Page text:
John Owen, Renaissance Man? The Evidence Of Edward Millington’s “Bibliotheca Oweniana” (1684) -- By: Crawford Gribben
WTJ 72:2 (Fall 2010) p. 321
John Owen, Renaissance Man? The Evidence Of Edward Millington’s “Bibliotheca Oweniana” (1684)
Crawford Gribben is Long Room Hub Senior Lecturer in Early Modern Print Culture at Trinity College Dublin. Ireland.
The recent surge of interest in John Owen (1616-1683)—high Calvinist theologian, Parliamentary preacher, chaplain to Oliver Cromwell, dean of Christ Church, Oxford, and vice-chancellor of Oxford University—has done much to situate its subject within the theological world of the early modern period.1 This scholarship has emphasized Owen’s importance as a receptor of the medieval Catholic tradition, and the extent to which he interacted with and was celebrated by the European Protestant intelligentsia. These discussions of the breadth of Owen’s intellectual interests and the strength of his international reputation have encouraged a number of scholars to move away from identifying in him the stereotypical attributes of “Puritans.” The new John Owen is a much more cosmopolitan figure, who has been described by Sebastian Rehnman as “a typical Renaissance man,” a description which was repeated in the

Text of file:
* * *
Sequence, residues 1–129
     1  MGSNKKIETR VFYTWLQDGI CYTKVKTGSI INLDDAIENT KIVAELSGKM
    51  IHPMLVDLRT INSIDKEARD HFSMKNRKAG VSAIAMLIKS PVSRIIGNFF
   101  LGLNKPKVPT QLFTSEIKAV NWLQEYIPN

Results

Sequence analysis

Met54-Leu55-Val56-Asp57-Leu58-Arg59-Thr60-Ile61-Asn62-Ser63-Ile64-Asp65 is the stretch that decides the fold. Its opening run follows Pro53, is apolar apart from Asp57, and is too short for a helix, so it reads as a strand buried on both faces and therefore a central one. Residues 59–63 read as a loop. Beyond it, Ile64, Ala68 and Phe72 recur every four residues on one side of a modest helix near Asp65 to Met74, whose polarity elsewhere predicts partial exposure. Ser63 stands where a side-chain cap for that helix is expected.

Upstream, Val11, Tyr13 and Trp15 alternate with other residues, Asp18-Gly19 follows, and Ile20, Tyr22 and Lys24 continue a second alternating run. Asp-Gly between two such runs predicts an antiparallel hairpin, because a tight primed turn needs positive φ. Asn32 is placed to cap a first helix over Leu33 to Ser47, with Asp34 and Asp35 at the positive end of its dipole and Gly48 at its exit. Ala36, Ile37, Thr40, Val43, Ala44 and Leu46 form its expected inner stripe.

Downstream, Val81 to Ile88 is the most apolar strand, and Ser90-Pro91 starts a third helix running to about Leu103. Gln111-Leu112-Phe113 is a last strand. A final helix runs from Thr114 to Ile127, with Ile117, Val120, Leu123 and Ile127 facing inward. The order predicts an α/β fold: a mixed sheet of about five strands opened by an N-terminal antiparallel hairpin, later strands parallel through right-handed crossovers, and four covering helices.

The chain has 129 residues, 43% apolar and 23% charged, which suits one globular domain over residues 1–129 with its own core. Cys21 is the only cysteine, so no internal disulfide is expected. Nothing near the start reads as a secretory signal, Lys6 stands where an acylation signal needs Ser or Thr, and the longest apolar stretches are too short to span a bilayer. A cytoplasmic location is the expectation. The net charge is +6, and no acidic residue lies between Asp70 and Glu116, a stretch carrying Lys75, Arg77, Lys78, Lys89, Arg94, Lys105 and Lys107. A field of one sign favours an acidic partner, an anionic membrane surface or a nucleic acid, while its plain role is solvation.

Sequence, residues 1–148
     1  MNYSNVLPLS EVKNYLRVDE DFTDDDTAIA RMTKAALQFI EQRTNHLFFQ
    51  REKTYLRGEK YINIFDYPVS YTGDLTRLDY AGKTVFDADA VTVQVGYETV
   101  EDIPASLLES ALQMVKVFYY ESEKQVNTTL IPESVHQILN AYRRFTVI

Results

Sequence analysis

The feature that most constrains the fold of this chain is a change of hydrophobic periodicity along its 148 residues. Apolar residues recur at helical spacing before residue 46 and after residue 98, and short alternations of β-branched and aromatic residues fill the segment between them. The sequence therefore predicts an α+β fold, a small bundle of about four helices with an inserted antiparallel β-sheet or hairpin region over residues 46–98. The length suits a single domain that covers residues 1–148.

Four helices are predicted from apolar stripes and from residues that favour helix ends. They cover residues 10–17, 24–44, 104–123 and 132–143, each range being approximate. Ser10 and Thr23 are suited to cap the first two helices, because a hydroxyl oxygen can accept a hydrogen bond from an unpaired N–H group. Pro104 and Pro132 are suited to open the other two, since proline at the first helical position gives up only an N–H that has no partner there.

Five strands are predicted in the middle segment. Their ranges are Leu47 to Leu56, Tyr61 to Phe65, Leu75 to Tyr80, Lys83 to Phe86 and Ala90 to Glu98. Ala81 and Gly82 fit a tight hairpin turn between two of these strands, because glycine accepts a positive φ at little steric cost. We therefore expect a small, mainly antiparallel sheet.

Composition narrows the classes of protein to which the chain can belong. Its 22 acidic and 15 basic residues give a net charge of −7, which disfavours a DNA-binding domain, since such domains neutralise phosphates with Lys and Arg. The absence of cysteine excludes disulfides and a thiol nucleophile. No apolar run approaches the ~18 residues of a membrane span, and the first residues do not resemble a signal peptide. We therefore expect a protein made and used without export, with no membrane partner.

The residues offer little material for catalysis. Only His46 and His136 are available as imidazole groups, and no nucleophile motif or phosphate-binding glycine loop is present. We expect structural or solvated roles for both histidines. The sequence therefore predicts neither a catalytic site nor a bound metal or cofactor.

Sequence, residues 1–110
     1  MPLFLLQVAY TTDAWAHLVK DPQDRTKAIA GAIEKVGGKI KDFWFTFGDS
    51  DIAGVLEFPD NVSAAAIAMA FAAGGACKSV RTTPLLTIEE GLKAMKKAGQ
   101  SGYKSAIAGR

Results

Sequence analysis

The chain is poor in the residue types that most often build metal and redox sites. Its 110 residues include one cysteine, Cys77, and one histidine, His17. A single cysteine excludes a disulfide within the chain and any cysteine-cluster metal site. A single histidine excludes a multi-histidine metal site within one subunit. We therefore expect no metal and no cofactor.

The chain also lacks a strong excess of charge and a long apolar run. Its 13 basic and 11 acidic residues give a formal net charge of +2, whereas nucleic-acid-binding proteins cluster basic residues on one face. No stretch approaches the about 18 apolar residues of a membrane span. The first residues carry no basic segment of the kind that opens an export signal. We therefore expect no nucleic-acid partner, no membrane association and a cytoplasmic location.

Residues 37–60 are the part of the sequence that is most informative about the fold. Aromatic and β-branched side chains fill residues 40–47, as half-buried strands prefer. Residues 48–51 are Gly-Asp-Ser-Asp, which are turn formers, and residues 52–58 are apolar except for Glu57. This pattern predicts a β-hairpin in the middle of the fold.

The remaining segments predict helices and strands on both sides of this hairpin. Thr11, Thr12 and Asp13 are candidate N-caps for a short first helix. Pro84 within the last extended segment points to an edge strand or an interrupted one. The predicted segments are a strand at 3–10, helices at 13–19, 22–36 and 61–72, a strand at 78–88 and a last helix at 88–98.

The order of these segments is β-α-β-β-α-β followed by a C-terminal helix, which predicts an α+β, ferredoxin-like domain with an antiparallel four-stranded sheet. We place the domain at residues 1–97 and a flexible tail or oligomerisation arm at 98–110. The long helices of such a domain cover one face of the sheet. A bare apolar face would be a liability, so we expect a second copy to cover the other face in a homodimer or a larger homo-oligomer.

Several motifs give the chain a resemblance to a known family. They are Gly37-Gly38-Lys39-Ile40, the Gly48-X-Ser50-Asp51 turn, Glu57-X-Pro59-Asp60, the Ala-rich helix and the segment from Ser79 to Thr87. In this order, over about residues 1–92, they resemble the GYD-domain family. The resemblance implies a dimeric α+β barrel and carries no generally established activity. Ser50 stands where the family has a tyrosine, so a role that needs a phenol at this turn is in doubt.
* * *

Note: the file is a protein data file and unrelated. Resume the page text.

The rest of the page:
WTJ 72:2 (Fall 2010) p. 322
subtitle and throughout the contents of Carl R. Trueman’s book John Owen: Reformed Catholic, Renaissance Man.2 But these scholars have simultaneously avoided theorizing the “Renaissance man” concept, or discussing its wider implications for the historiography of Puritanism. While their work has concentrated on Owen’s interaction with Medieval and Reformation theological traditions, it has often failed to take into account the evidence of the extent of his engagements with wider aspects of early modern culture. As the reported contents of his library suggest, Owen may have been much more of a “Renaissance man” than many of his students have been prepared to admit.
I. The Form And Content Of Bibliotheca Oweniana
The significance and extent of Owen’s engagement with Renaissance culture is perhaps best illustrated by Bibliotheca Oweniana (1684), an auction catalogue of the contents of Owen’s library which was prepared by the self-styled “Biblio-polam,” Edward Millington (c. 1636-1703).3 Millington—an “auction impresario” who, throughout the 1680s, was becoming “the most energetic and renowned art auctioneer of his day”—had developed his techniques in book sales from the Dutch pioneers of the trade.4 His techniques appear to have been unusually well polished. Almost twent...
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